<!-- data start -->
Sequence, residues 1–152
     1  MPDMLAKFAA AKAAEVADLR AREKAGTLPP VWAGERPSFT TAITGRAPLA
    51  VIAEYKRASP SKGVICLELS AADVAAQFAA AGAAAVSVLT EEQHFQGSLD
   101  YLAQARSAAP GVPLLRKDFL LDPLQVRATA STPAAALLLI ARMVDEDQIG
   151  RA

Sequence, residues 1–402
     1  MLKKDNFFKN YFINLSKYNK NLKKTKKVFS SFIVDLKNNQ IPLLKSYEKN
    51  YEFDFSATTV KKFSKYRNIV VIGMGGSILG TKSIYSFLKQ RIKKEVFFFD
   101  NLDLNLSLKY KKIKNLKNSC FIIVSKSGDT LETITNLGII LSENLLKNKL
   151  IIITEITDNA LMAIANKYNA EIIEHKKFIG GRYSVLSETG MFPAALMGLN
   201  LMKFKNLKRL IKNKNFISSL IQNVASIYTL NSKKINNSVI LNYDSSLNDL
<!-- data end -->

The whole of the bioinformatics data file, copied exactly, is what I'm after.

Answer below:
Sequence, residues 1–152
     1  MPDMLAKFAA AKAAEVADLR AREKAGTLPP VWAGERPSFT TAITGRAPLA
    51  VIAEYKRASP SKGVICLELS AADVAAQFAA AGAAAVSVLT EEQHFQGSLD
   101  YLAQARSAAP GVPLLRKDFL LDPLQVRATA STPAAALLLI ARMVDEDQIG
   151  RA

Sequence, residues 1–402
     1  MLKKDNFFKN YFINLSKYNK NLKKTKKVFS SFIVDLKNNQ IPLLKSYEKN
    51  YEFDFSATTV KKFSKYRNIV VIGMGGSILG TKSIYSFLKQ RIKKEVFFFD
   101  NLDLNLSLKY KKIKNLKNSC FIIVSKSGDT LETITNLGII LSENLLKNKL
   151  IIITEITDNA LMAIANKYNA EIIEHKKFIG GRYSVLSETG MFPAALMGLN
   201  LMKFKNLKRL IKNKNFISSL IQNVASIYTL NSKKINNSVI LNYDSSLNDL